Effects of commonly used drugs on the metabolism of selenium and copper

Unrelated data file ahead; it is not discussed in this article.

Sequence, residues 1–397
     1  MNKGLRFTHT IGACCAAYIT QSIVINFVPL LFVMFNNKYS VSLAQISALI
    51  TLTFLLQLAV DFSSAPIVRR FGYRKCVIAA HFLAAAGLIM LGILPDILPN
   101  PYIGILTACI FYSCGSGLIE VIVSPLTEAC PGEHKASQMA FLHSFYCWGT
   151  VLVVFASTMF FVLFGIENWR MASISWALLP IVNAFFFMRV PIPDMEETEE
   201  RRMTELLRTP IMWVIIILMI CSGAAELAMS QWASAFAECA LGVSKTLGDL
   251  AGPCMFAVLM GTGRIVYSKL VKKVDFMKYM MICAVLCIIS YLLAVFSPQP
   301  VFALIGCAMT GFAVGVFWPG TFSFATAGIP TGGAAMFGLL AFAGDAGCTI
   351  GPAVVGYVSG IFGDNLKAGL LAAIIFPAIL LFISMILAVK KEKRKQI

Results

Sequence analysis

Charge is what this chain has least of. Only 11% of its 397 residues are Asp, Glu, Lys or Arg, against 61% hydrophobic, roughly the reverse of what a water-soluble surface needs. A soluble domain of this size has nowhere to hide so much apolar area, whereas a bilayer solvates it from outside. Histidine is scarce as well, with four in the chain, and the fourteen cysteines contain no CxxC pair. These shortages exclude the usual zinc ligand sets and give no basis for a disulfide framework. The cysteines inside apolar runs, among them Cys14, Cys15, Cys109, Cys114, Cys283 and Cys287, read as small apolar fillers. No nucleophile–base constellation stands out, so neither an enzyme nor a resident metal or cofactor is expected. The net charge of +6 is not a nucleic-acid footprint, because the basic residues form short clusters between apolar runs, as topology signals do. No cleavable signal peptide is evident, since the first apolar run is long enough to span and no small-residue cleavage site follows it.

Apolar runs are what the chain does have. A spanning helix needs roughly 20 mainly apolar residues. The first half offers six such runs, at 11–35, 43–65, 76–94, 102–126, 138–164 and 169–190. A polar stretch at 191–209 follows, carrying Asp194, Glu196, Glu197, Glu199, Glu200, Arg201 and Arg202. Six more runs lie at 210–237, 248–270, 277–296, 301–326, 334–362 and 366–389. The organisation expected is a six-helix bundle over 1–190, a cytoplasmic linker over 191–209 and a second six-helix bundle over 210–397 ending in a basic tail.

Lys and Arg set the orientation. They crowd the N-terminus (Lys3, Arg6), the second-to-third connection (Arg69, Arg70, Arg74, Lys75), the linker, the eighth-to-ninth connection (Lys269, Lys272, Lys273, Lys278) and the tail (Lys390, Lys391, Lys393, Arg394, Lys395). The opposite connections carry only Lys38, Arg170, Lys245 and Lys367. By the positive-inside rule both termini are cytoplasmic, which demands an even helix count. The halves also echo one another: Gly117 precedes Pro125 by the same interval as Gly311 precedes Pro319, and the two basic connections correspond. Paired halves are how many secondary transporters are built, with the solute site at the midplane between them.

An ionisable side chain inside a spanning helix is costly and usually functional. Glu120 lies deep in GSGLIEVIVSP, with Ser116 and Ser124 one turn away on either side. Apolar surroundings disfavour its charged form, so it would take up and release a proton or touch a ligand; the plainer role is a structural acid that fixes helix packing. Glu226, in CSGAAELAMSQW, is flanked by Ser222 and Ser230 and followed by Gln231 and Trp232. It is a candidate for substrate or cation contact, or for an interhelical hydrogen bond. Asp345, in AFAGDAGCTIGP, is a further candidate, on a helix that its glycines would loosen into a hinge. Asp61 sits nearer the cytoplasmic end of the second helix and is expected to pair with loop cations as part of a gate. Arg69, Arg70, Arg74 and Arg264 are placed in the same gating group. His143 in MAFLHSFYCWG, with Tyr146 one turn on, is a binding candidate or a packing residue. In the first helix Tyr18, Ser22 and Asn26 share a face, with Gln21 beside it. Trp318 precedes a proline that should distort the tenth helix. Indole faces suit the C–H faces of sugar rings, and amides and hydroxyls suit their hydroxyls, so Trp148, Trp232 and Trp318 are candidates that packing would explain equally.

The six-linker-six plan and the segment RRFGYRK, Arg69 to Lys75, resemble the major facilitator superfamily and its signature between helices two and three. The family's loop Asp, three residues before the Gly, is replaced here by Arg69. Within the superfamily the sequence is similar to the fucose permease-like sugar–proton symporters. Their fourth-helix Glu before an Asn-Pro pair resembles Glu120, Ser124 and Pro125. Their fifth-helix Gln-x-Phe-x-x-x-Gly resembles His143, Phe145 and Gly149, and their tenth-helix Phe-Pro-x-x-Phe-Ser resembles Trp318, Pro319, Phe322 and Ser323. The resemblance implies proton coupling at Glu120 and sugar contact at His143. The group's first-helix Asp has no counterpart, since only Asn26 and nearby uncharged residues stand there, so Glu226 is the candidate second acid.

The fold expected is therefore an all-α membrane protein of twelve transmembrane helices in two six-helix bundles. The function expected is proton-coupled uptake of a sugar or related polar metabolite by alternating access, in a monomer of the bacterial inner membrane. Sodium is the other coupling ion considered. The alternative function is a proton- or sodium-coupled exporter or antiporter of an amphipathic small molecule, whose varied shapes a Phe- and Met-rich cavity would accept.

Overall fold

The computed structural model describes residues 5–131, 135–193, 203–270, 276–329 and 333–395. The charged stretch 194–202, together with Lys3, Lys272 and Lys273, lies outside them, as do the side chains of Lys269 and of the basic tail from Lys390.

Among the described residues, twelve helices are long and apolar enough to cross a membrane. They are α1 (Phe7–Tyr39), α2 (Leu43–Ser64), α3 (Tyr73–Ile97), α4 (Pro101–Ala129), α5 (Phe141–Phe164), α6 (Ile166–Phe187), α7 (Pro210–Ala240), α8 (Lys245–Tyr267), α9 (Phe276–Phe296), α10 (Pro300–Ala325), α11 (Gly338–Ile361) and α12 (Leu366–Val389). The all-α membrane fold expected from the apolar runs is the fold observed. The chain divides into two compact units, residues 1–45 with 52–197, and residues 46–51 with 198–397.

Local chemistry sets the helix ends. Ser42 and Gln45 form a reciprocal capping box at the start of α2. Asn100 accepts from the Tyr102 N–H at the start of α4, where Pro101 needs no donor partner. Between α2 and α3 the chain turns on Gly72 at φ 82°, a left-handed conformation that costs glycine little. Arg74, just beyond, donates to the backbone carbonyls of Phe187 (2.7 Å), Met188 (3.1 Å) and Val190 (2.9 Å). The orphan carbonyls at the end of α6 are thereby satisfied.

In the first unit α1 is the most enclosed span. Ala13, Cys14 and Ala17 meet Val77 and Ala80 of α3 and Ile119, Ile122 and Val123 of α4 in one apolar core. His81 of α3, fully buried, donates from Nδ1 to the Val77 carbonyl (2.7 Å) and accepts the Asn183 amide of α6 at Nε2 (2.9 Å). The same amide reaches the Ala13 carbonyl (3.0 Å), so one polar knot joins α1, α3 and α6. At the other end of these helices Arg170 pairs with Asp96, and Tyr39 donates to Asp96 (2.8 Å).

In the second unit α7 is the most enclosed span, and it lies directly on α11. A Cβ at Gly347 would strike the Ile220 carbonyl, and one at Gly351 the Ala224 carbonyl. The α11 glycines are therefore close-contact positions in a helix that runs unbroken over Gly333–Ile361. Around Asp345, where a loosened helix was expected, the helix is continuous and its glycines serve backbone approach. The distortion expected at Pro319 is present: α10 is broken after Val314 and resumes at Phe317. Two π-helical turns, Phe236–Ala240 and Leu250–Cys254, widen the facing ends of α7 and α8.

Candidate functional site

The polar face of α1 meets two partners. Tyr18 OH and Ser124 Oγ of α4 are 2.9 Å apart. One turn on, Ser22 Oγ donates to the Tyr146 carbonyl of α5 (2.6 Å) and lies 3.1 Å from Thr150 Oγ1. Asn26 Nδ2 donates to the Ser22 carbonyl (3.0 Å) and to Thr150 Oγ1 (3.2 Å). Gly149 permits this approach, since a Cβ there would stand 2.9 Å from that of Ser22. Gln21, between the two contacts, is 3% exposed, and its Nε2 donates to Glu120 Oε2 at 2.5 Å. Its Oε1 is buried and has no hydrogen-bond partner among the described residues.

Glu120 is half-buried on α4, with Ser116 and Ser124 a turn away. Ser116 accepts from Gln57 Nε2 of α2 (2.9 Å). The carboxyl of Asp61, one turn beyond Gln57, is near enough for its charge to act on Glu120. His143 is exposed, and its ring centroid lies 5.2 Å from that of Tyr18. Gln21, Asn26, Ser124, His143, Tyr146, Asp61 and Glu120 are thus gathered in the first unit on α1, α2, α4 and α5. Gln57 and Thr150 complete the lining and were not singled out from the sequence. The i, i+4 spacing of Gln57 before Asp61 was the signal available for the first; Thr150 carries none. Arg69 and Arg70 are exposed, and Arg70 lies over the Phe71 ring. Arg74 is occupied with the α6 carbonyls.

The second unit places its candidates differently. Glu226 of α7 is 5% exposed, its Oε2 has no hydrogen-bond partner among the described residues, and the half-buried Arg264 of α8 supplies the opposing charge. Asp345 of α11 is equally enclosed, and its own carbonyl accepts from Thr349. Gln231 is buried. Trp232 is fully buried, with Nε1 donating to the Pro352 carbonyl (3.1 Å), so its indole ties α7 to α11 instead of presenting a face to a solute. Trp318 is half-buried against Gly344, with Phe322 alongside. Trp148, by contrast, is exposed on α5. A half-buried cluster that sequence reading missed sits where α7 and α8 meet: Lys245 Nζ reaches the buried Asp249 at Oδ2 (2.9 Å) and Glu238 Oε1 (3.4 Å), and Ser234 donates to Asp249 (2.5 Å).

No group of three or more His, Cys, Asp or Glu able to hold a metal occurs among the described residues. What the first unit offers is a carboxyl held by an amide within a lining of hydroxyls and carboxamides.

The life expectancy is increasing constantly, in part based on an improved medical care. On average, every senior in Germany >60 y of age is taking three medications per day, being at risk for developing side-effects due to polypharmacy. Interfering effects of drugs and drug combinations on trace elements (TE) are rarely studied. Taking selenium (Se) as an example, the anti-diabetic drug metformin, aminoglycoside antibiotics or lipid-lowering statins are known to affect selenoprotein biosynthesis. It is however unclear, how these drugs act in combination, and to what extent other TE are also affected. We hypothesize that medication is an important modifier of TE metabolism. As primary focus, effects of commonly used drugs on Se and copper (Cu) metabolism and biosynthesis of the transport proteins selenoprotein P and ceruloplasmin are studied. Their in vitro responses to the commonly used drugs will provide testable hypotheses to be analysed in the cross-sectional EPIC and longitudinal TEhab cohorts. To allow an unbiased overview, a compound library of established and novel drugs will be analysed by high throughput screening. As the molecular mode of action of most of the tested drugs is known, their effects will be studied under TE-rich and TE-poor conditions to identify overlaps in affected pathways and TE deficit-related risks. Highly active TE metabolism disrupting drugs and drug combinations will be characterized in molecular and analytical detail by assessing time- and concentration-dependent molecular signatures and TE fingerprints. Collectively, these analyses will broaden our understanding of drug-TE interactions, identify dangerous TE metabolism interrupting drugs and combinations and elucidate the importance of the TE status for these unknown, potentially adverse and likely unwanted side effects.